Good Afternoon Everybody,
Our Master Class is off with a “bang”. We spent all day yesterday and a bit of the evening in some gorgeous locations with six great looking models (see below) getting some really beautiful photographs. We finally made it back to the classroom about 7:30 p.m. but in spite of the long day I believe everyone had a wonderful time putting some simple lighting and posing rules into action. All-in-all a great learning experience.
We covered a lot of “photographic territory” throughout yesterday’s shoot – from magnificent cathedrals to beautiful reception venues, to city parks, to the urban wilderness of downtown Cincinnati – and yes, the “natives” were restless yesterday but that’s another story.
Hey gang, as usual I’m running a little short of time this morning so let’s get right to today's post. Here we go…
Designing Your Wedding Image: Working To The Finished Result
I thought I’d approach today’s post a little different way. I thought I would walk you through HOW I design my final image walking you through what I’m seeing through the camera’s viewfinder, how I modify the composition to get closer to the final result I want to obtain, and the final adjustments I make to the image to realize that final result.
Hit the “Read More…” link below for the rest of the story.
The image I chose for today’s discussion comes from yesterday’s shoot and walks you through my creative process even as I struggled with a few lighting and composition issues – let me show you.
Take a look at this first image. My first thought was to have the bride framed up by the wall you see in the background. The problem was the fact that I had two people within view in the reception area at the bottom of the image. In this case, I decided to not ask them to move and planned to rework the composition.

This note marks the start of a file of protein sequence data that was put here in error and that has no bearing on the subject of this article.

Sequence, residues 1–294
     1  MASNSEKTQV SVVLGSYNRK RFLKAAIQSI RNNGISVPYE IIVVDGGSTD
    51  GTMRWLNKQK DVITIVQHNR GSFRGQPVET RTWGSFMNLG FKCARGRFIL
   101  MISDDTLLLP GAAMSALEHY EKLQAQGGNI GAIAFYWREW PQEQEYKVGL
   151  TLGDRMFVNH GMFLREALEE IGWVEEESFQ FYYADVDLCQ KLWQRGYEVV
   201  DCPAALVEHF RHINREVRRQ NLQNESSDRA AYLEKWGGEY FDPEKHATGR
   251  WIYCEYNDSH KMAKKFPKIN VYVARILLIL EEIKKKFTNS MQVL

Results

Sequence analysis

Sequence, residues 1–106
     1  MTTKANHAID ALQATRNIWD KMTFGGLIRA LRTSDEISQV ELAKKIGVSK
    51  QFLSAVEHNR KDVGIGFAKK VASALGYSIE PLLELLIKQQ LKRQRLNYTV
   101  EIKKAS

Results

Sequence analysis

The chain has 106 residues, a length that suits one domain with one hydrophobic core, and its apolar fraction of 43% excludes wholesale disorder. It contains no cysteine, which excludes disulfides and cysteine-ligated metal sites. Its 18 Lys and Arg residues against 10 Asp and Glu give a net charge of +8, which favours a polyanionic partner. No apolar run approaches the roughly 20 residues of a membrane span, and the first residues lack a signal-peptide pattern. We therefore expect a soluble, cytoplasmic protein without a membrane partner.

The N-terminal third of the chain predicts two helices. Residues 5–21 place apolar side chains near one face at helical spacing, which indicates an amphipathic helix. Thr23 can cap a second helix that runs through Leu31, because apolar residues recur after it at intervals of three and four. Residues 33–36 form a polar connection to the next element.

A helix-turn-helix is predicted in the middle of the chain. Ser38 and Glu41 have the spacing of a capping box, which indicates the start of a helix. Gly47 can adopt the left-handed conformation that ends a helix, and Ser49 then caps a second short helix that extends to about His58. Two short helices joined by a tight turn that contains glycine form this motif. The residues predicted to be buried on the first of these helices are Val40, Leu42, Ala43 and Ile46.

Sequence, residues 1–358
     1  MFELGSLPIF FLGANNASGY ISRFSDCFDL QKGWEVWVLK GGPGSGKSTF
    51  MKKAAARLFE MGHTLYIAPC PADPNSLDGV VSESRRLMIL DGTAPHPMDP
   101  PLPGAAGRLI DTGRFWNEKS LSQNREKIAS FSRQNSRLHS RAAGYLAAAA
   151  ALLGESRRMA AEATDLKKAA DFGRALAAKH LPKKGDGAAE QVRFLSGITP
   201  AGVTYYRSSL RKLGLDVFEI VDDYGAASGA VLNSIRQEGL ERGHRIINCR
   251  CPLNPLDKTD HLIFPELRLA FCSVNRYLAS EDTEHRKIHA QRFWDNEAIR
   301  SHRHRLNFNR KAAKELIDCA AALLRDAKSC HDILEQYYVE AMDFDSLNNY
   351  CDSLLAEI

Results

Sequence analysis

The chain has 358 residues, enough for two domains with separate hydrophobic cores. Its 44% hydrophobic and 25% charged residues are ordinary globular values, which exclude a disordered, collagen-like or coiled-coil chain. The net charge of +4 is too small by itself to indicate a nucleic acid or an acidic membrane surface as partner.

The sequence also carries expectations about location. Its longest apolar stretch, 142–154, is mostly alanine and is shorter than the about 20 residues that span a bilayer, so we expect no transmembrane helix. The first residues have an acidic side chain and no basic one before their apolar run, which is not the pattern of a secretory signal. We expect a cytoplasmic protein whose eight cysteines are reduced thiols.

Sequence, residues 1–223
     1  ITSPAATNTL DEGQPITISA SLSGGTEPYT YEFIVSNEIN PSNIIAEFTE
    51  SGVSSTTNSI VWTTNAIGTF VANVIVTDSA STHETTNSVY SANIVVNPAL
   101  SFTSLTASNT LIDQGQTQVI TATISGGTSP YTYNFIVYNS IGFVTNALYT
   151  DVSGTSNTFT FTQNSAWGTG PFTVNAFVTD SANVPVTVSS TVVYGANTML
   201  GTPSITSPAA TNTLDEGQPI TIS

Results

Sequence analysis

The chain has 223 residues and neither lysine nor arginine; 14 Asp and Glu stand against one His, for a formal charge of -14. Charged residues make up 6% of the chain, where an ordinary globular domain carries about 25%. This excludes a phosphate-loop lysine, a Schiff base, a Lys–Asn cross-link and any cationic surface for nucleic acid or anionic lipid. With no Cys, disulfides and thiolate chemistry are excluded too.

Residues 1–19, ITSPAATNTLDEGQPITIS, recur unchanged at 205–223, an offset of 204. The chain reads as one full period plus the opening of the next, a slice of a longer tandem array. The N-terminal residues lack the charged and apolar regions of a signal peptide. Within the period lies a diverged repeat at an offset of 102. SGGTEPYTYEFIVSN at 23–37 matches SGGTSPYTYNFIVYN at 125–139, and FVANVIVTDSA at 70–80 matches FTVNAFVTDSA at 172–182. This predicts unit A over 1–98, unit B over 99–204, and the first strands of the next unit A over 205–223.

Now take a look at Image 2. Here I decided to crop a bit more of the folks below out but I still couldn’t get rid of the gentleman in the bottom left of the image. I did think I could remove him easily in Photoshop so I took the image anyway. I like how the railing leads right to the bride, but I’m not thrilled with all the steps on the right side of the image. Still, I think the image looks pretty good.
Now let’s look at the third image. This time I repositioned the bride more in the center of the stairway. I decided that I liked this framing the best so far. All the lines visually lead directly to the bride and also framed her nicely. I’m still dealing with my folks in the background but I felt a little judicious cropping would solve my problem.
In the last image this is the photograph I was going for. I brought image 3 into Lightroom and cropped it closer. I still had the gentleman in the shot, but with judicious use of the Spot Removal tool and the Sharpness brush I was able to “disguise” his presence. I then use the Lens Correction feature to remove the convergence of the lines caused by my wide angle lens.
I love the finished result and I never once had to make the trip to Photoshop. Sure, I could still work on the bright areas you see near the top of the steps, but heck, it was 11 p.m. last night and I had an early wake up call for class this morning. I’ll plan to finish it up over the weekend ;~)
I hope you enjoyed my little walk the thought process I go through to capture the final image for presentation. I think this one came out well and I think a client seeing this image would love it – I’ll have to ask my bride later today what she thinks ;~)
Hey gang, that’s it for me today. My Master Class beckons. I’ll plan to see everyone tomorrow for another Business Day Thursday – a few more images from our class this week.
Have a good one, and I’ll see you them, -David